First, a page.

Pianist Chick Corea and Vibraphonist Gary Burton had originally first attempted to play together in the 1960s, but had found that it didn’t really work. Playing in a quartet, with the piano and the vibraphone both being chordal instruments, the two had a habit of getting in the way of each other and not really being able to play side by side.
A few years later in 1972, both men happened to be performing at the Munich Festival as solo acts, and as fate would have it ended up being the two artists at an after hours jam. Without a rhythm section, and just having the other to play off, somehow there was an instant on-stage rapport between the two musicians – a rapport that immediately caught the attention of the then-present Manfred Eicher. His ECM label, still only a few years old, had already gathered a solid reputation for its strong releases and played host to a small number of Coreas solo piano works, and Eicher heard in the two players a potential new take on an intimate chamber jazz that would be a perfect fit for ECMs clear and pristine sound capturing and production.
What would eventually be released as ‘Crystal Silence’ a year later was in fact recorded in just one day in November of 1972 in a studio in Oslo. Despite the strong and passionate enthusiasm for the music they had all produced, Burton, Corea and Eicher had very low commercial expectations for the album, expecting the prospect of a piano-vibraphone duet album to entice just a relatively small audience. The album in fact though went on to garner superb reviews and eventually sell almost 500,000 copies.
Featuring material largely written by either Corea or Burton’s musical partner, bassist Steve Swallow, the sole exception is Michael Gibbs darkness-tinged ballad ‘Feelings And Things’. Coreas classic ‘Senor Mouse’ opens though and immediately sets high expectations, with the two instruments combining to form melody, harmony and rhythm, and then throwing the roles between the two. Despite the structured and detailed music, both men move responsibilities throughout, with at times electric spontaneity. Chamber jazz it may be, but here we see equal parts gentle music with at other times playing that has huge energy.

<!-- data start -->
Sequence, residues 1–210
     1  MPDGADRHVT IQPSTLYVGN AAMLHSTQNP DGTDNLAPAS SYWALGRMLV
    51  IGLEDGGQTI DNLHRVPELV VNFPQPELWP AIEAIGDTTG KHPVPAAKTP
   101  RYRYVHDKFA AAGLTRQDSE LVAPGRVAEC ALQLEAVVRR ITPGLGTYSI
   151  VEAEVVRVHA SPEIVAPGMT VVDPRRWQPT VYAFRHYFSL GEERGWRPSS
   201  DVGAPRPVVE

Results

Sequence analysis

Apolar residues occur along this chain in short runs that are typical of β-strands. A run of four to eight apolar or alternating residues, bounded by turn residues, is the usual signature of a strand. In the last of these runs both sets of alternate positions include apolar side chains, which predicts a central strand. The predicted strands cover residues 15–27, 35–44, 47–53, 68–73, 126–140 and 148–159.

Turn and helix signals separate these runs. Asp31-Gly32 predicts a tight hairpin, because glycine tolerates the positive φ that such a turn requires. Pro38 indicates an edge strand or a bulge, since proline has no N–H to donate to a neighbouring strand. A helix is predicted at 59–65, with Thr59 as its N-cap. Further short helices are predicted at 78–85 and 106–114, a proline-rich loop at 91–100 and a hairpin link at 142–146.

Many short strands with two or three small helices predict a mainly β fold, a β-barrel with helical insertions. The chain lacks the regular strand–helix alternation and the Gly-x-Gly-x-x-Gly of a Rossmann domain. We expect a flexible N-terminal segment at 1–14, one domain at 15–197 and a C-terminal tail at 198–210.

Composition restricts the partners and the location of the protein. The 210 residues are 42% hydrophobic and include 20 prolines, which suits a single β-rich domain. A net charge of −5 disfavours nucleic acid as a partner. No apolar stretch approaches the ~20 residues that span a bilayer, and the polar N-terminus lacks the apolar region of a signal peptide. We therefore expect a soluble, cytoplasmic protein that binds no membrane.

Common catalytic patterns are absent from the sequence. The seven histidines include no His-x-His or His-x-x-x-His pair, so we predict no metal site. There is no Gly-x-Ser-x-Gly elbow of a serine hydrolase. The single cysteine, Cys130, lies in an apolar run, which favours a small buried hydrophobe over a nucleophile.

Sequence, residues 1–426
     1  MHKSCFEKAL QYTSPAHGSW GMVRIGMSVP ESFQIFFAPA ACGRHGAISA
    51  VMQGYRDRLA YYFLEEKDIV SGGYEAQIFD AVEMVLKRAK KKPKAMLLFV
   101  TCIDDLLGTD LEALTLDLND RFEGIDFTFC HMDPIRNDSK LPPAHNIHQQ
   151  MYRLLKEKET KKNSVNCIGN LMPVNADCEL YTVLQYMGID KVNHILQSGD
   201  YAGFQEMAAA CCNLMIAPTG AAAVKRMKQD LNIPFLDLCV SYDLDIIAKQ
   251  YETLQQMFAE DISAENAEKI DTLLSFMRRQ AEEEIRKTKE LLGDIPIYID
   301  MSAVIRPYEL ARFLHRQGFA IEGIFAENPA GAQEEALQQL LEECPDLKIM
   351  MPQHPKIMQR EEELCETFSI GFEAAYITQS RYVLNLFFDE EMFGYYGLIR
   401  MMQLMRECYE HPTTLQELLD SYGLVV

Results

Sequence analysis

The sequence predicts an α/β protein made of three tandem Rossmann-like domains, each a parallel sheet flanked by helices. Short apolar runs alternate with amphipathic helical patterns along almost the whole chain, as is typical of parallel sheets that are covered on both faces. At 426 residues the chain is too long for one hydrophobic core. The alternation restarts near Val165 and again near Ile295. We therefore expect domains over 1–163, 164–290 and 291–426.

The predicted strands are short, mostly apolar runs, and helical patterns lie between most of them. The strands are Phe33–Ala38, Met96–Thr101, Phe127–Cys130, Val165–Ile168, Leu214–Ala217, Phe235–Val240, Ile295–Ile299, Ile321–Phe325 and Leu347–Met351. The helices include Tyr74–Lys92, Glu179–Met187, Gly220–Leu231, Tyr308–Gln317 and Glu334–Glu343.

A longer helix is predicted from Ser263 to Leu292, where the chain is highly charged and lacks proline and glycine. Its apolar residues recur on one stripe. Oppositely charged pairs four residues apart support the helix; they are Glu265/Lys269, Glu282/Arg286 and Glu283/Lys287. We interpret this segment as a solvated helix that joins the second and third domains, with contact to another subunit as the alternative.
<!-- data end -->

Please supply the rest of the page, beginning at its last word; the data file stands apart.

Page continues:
‘I’m Your Pal’ is a great ballad piece played to perfection, with more than a hint of gospel, and ‘Falling Grace’ is elegant and lively - elsewhere ‘Arise, Her Eyes’ is the only version you’ll ever need of arguably Swallows finest composition. Corea also brings two Return To Forever pieces to the party and they shine joyously, but nothing is as strong here as the title track. Nine minutes of beauty and nuance create an outstanding soundscape that highlights that although the two shine individually plenty, it is their subtle and brilliant interactions that both creates a kind of singular intent and sound that really raises the bar.
Obviously, the magic and beauty here was a huge personal success for the two friends, and luckily they happened to be entirely wrong about its commercial appeal. Six years though would pass before Corea and Burton would reconvene in the studio together, this time though without the presence of Eicher, and in Sheridan, Oregon. Corea in the interim had become a leader in the jazz-fusion world with the electric quartet version of Return To Forever, before ending the band and creating more orchestrated sounding solo works on the Polydor label. ‘Duet’ however signposted a definite return to more acoustic interests, which would in turn result in a line of further ECM albums focusing on his piano trio and solo ideas.
The ‘Duet Suite’ opens the album that in fifteen-minutes reveals a solid number of twisting melodies delivered in unison and the two virtuosos’ ability to play more than just mere notes from a page. Coreas Spanish percussive way of playing the piano too comes more to the fore.